To illustrate the range of activity at each stage of student learning, the articles each cover a
particular stage in the student lifecycle (although inevitably the student journey is not linear
and there is some overlap) and they link theory to practice in varying ways. Their claims to
knowledge are practical, situated, and informed by the literature, with rich descriptions of
case studies and lessons learned, rather than deep methodological accounts. The use of the
conference format as live, action focussed, enhancements of practice is an innovation which
emerges from the papers, in effect using the library community of practice in a live
environment such as a conference to co-create.
It is the hope of the editor that readers of this themed issue will find the lifecycle approach
helpful in determining future strategy; that they are enthused by the positivity and
innovation of fellow academic library staff, and that these “stories from the field” find
credence with a wide group of professional services colleagues outside librarianship. This
will hopefully inform leadership and staff development programmes and initiate
contributions from others to the science of student support.
Here lies our future sustainable practice innovating for students, with students and others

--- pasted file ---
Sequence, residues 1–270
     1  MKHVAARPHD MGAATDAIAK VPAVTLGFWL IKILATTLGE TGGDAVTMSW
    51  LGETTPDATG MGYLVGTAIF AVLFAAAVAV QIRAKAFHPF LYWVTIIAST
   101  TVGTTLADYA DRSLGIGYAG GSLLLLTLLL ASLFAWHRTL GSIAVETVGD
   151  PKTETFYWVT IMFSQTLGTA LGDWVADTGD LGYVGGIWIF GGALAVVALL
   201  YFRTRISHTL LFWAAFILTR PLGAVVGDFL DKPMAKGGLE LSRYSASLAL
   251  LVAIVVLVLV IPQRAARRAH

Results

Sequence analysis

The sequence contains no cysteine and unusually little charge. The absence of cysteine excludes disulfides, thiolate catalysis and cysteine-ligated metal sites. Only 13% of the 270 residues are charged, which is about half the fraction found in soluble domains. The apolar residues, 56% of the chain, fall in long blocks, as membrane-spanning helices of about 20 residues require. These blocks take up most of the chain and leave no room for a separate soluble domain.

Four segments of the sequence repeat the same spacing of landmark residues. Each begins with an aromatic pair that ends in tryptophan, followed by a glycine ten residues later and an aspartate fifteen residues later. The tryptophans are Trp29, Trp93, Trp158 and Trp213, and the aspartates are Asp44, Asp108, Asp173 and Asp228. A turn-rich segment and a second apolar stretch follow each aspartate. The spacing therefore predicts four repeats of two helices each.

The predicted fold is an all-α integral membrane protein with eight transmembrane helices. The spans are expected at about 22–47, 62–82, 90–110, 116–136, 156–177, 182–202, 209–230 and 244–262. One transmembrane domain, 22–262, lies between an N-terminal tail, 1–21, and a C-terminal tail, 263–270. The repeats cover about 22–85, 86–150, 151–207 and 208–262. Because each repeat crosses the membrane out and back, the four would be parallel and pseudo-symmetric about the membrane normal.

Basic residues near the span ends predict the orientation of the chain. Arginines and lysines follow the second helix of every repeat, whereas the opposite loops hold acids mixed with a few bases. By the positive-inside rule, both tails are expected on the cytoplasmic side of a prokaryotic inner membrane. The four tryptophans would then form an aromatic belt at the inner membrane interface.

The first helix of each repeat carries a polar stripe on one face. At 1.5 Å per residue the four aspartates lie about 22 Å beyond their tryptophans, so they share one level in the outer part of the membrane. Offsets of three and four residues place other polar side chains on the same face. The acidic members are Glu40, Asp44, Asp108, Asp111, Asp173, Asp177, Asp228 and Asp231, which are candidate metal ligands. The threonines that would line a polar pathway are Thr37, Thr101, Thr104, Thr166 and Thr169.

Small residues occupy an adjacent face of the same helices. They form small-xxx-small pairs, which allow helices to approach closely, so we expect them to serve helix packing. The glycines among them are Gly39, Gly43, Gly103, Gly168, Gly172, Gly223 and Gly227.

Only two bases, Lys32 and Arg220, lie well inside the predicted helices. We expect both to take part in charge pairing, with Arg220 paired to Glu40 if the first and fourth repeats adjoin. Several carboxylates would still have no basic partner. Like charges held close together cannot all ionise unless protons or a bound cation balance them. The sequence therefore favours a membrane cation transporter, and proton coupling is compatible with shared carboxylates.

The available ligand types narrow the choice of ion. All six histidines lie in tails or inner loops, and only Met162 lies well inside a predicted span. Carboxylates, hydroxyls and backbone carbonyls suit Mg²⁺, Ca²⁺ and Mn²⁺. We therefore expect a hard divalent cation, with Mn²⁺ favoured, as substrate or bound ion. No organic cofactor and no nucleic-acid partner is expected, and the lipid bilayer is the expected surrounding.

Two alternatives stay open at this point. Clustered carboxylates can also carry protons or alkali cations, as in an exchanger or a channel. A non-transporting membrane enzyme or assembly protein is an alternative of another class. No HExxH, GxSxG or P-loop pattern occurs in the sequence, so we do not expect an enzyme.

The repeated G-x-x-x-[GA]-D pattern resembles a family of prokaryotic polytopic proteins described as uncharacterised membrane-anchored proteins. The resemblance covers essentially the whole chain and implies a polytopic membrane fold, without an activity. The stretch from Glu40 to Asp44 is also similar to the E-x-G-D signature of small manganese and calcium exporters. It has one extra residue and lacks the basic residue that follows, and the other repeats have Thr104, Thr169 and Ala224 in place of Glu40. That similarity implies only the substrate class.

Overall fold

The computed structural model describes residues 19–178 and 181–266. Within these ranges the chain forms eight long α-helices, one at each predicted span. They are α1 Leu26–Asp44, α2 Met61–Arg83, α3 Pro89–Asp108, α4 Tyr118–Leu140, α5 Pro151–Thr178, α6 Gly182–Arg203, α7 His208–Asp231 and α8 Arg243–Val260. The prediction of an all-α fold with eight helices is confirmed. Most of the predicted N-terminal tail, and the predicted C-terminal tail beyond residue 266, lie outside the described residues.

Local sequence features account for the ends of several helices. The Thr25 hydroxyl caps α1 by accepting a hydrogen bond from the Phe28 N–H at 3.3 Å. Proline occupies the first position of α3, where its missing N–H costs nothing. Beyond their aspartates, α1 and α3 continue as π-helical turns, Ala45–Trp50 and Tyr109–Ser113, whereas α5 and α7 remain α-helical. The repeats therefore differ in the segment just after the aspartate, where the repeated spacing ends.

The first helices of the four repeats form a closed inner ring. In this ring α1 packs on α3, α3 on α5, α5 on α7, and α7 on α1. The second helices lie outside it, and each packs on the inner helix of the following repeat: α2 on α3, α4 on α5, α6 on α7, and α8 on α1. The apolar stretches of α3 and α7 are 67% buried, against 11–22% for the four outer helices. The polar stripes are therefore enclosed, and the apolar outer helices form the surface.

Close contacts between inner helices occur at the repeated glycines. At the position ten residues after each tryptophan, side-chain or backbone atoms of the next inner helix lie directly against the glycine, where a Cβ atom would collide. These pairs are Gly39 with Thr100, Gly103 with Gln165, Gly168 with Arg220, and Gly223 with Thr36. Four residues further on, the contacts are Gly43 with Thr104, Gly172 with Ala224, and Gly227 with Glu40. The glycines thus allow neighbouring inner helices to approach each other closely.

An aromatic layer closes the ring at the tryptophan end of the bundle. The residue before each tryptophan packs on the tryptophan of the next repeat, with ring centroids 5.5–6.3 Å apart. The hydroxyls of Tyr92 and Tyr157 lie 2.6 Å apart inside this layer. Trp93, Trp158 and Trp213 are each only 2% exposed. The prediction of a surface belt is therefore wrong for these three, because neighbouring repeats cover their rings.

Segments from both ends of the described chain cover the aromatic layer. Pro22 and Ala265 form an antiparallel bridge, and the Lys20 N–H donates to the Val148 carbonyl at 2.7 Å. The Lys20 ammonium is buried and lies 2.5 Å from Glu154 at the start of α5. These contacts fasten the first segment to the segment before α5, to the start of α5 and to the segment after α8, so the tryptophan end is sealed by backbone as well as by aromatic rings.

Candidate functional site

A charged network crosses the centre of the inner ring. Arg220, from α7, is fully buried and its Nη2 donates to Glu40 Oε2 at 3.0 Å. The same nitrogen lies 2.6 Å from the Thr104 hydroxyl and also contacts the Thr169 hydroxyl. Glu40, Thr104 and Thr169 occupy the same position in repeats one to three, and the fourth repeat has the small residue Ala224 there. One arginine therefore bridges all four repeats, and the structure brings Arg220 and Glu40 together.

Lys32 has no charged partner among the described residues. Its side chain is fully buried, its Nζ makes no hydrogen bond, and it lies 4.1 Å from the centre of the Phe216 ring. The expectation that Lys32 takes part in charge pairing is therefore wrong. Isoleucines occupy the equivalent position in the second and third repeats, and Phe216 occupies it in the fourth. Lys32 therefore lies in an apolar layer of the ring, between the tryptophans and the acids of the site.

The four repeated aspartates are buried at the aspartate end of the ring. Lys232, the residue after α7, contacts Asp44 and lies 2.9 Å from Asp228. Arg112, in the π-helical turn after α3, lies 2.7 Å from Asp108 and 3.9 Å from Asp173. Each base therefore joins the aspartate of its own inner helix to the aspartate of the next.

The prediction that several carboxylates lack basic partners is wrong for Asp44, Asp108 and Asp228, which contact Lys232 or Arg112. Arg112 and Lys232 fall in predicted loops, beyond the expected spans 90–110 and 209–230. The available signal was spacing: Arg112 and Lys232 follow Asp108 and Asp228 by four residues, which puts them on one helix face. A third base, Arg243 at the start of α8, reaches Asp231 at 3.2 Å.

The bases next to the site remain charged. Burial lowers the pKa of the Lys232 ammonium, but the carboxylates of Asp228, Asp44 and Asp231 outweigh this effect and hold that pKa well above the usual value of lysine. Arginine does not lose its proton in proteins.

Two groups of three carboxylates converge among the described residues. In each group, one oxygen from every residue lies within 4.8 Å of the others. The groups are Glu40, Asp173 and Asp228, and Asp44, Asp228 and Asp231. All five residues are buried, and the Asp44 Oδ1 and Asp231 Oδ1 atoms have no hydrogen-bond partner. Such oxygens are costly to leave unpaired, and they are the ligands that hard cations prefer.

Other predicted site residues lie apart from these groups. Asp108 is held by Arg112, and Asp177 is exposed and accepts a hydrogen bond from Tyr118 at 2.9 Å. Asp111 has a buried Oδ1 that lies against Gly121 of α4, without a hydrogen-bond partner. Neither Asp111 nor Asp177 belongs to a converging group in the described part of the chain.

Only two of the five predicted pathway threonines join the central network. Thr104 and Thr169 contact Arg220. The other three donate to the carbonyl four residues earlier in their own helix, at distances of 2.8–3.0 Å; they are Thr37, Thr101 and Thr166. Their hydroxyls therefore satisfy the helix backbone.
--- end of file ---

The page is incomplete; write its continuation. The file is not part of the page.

who are passionate about the benefits of higher education.
April 2013
Citations
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Journal ArticleDOI
Abstract: Definition – the learner journey is here defined as the study, information and research skills that a student brings to university with them and develops throughout the course of their degree programme Scope & methodology – research on academics’ perceptions, expectations and assumptions about the learner journey was conducted via semi-structured interview, in order to underpin a refreshed library teaching ‘menu’ at the University of Worcester Results – consistencies and differences in approaches to levels of study, and a number of common themes, including student independence, transition, and technology were revealed Outcomes – from the evidence base, the project yielded both tangible outputs (the teaching menu, a self-audit tool, a PGCert session) and less quantifiable ones, such as positioning Library Services as pedagogic partners and researchers

3 citations


Cites background from "Academic Libraries and the Student ..."